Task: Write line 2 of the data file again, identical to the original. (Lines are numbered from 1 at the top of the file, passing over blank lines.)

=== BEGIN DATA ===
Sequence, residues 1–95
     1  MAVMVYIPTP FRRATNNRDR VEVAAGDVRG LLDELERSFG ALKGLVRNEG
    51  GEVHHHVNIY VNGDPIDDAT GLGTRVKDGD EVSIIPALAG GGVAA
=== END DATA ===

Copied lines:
     1  MAVMVYIPTP FRRATNNRDR VEVAAGDVRG LLDELERSFG ALKGLVRNEG